Just before he left Paris for London, Karl wrote to Engels that ‘in London, there is a positive prospect of my being able to start a German newspaper. I am assured of part of the funds.’100 As soon as he reached London, he also wrote to Freiligrath, using the address Peterson’s Coffee House, Grosvenor Square, that there were ‘excellent prospects of my being able to start a monthly review here’, and in January 1850 he was still talking of its transformation ‘into a fortnightly and weekly and if circumstances permit, back into a daily paper’.101 Finally, in mid-November, and with the help of Theodor Hagen, a member of the Communist League, an agreement was reached with a Hamburg publisher, Schuberth, for the publication of a monthly, Neue Rheinische Zeitung – Politisch-Ökonomische Revue.
As in other publications set up by Karl, the financial and administrative arrangements were unsatisfactory. It was planned that Conrad Schramm would travel to the United States with financial support from the Chartists and Blanquists in London to raise funds from well-wishers. But none of this happened. Publication should have started on 1 January, but the manuscript was not ready and Karl was ill so publication was postponed to early March 1850. By May, three numbers were published, and then nothing until a final double number in November. Sales were poor, and contributors few. Some idea of the frustrations surrounding the project was evident in a letter from Jenny to Weydemeyer in May 1850. In it she begged for whatever money had come in from sales of the Revue: ‘We are in dire need of it.’ Jenny reproached friends in Cologne for not helping in return for all the sacrifices Karl had made for ‘Rh.Ztg’. ‘The business has been utterly ruined by the negligent slovenly way in which it was run, nor can one really say which did most harm – the bookseller’s procrastination, or that of acquaintances and those managing the business in Cologne, or again the whole attitude of the democrats generally.’102 The project ended with Karl intent upon suing the publisher and continuing the Revue from Cologne or Switzerland.
Once again, none of this was realized. The Revue contained some important essays, including Engels’ account of ‘The Campaign for the German Imperial Constitution’ and a series of essays by Karl entitled ‘1848 to 1849’, later published by Engels under the title The Class Struggles in France, 1848 to 1850. It also included a critical discussion of conspiracy, particularly interesting since it coincided with the participation of Karl, Engels and Willich in the Blanquist Universal Society of Revolutionary Communists. But the project was doomed. Demand for the journal was low, not least because of its belligerent treatment of democrats. In large parts of Germany democrats and communists were few and they saw no reason not to continue to collaborate. A particularly ill-chosen example was Karl’s sneering attack on the speech made by Gottfried Kinkel, before a military court at Rastatt. Kinkel was a democratic hero who had fought in Baden under Willich, and his trial was followed with great sympathy by the public.103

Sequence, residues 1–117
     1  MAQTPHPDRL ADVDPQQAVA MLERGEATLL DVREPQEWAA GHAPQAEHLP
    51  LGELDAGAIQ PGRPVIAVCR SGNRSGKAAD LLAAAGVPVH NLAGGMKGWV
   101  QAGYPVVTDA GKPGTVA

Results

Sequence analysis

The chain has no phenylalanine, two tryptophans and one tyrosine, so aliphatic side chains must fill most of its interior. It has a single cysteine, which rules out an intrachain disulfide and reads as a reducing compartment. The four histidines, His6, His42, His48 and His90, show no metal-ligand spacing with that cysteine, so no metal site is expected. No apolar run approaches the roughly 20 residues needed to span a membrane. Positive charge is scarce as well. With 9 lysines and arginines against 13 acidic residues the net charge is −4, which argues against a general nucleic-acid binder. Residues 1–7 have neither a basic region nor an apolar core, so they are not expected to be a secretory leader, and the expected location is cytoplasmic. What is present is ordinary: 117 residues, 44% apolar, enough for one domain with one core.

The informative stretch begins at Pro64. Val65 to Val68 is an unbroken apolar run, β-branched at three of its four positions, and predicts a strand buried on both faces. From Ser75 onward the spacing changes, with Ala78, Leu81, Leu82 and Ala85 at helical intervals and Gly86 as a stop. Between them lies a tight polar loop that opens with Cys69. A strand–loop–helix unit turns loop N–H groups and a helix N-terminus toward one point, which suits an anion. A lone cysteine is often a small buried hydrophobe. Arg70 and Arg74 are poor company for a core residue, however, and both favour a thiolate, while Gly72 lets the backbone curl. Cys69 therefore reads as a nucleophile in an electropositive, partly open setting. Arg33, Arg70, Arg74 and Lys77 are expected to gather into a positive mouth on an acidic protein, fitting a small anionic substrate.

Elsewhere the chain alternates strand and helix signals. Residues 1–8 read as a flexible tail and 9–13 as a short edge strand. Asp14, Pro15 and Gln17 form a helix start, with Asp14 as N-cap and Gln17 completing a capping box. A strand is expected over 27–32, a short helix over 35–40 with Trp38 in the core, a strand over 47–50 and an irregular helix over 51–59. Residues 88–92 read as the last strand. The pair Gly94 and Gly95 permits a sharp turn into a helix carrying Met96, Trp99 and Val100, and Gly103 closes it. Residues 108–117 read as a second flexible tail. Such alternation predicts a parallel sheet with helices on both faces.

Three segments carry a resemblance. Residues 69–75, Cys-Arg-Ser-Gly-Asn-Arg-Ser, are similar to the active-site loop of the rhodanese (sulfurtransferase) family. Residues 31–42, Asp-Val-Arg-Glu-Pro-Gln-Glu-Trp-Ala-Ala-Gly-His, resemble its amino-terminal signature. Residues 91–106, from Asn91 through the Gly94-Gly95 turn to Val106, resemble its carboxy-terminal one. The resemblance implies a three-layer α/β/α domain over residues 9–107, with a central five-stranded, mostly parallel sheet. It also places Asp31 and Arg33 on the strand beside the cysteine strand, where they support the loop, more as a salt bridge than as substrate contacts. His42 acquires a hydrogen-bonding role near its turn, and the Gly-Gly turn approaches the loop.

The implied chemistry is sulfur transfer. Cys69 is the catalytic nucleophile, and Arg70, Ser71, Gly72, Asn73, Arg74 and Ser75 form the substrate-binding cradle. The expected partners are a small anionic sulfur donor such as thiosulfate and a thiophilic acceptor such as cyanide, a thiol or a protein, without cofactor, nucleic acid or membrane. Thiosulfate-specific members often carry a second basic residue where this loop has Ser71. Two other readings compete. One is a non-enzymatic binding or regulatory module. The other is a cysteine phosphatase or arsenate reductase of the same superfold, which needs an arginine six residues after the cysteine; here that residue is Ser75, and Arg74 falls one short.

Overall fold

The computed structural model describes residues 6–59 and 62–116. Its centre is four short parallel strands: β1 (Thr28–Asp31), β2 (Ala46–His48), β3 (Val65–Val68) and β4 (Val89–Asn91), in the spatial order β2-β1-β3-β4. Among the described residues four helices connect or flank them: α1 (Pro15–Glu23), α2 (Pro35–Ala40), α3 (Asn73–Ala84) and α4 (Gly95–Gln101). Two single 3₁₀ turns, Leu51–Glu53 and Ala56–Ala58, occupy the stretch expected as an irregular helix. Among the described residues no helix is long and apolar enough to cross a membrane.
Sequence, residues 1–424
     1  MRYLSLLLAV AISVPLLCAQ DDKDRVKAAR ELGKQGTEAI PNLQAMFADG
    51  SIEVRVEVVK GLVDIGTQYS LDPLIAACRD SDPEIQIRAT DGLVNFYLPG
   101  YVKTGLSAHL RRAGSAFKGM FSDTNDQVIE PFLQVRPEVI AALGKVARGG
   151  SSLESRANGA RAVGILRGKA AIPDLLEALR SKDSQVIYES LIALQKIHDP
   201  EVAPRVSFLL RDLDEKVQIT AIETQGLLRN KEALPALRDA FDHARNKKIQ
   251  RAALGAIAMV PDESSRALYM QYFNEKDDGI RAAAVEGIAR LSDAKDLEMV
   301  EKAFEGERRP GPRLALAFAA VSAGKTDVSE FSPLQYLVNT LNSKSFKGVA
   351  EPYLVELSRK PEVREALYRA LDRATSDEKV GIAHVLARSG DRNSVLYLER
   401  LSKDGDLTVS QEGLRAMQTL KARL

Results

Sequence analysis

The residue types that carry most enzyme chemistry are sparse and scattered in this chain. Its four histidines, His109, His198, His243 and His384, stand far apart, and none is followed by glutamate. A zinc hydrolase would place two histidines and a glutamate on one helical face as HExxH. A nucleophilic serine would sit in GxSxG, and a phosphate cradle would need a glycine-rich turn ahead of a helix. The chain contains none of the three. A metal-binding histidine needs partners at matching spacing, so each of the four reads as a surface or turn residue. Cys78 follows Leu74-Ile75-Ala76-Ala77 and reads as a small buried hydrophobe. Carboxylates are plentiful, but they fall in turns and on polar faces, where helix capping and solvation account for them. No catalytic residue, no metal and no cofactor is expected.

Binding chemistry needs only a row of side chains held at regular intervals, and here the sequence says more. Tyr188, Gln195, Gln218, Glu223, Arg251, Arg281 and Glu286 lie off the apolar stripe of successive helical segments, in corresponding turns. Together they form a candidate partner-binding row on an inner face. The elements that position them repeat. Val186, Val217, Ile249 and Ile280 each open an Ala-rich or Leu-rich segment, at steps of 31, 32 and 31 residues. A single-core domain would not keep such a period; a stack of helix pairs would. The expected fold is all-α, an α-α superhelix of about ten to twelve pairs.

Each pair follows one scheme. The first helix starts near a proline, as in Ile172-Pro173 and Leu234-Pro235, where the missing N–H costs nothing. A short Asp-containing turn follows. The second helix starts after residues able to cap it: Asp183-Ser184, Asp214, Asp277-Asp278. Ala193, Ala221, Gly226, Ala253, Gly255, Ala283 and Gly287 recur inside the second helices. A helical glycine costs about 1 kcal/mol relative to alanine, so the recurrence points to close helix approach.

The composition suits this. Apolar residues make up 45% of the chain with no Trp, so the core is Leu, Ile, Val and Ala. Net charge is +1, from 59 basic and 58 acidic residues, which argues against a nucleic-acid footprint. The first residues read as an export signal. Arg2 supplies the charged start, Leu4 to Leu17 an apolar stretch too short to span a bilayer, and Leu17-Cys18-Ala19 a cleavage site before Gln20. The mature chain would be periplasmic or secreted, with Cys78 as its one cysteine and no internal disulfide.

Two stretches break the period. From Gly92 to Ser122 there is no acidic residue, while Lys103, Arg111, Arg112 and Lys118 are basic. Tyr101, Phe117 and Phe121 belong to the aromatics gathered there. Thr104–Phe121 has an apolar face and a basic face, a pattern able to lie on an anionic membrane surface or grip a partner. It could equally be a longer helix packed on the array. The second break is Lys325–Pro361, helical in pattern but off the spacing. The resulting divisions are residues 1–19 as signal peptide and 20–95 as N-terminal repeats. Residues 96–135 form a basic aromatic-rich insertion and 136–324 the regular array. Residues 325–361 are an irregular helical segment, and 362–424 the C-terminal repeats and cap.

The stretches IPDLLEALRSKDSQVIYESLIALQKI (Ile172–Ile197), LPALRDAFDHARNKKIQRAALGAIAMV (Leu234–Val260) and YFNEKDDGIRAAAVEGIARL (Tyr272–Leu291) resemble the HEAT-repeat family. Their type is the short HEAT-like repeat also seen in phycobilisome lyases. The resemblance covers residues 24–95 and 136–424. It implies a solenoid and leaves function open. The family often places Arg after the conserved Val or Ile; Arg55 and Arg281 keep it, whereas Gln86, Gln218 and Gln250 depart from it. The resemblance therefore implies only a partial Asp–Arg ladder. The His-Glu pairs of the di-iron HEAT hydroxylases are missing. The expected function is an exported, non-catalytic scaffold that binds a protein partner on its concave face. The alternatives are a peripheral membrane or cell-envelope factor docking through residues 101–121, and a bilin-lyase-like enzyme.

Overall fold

More positive was the attention which the Revue devoted to global economic development. The prospectus written on 15 December 1849 stated that the Revue would provide ‘a comprehensive and scientific investigation of the economic conditions which form the foundation of the whole political movement’.104 In the final number a justification was provided for the Revue’s move away from the revolutionary line of the Communist League. After examining the economic upswing, which had taken place since 1848, it stated:
With this general prosperity, in which the productive forces of bourgeois society develop as luxuriantly as is at all possible within bourgeois relationships, there can be no talk of a real revolution. Such a revolution is only possible in the periods when both these factors, the modern productive forces and the bourgeois forms of production, come in collision with each other … A new revolution is possible only in consequence of a new crisis. It is, however, just as certain as this crisis.105
In June 1850, Karl was able to secure a ticket to use the library of the British Museum. This was the beginning of the years of study that culminated in the writing of Capital. On 15 November, Engels left for Manchester to take up employment in his father’s company. On 30 July, Karl had received a friendly letter from Charles Dana, editor of the New-York Daily Tribune, whom he had first met in Cologne. Dana invited Karl to write for the paper.106 On 17 November 1852, on Karl’s suggestion, the Communist League was dissolved. Karl’s life was entering a new phase.
9. THE MEANING OF 1848
In two works written in London, Karl attempted to produce an interpretation of the mid-century revolutions, focusing in particular upon France. ‘1848 to 1849’, later retitled by Engels The Class Struggles in France, 1848 to 1850, was written between January and October 1850, and published in successive numbers of the Neue Rheinische Zeitung – Politisch-Ökonomische Revue. The next essay, The Eighteenth Brumaire of Louis Bonaparte, was written between December 1851 and March 1852.107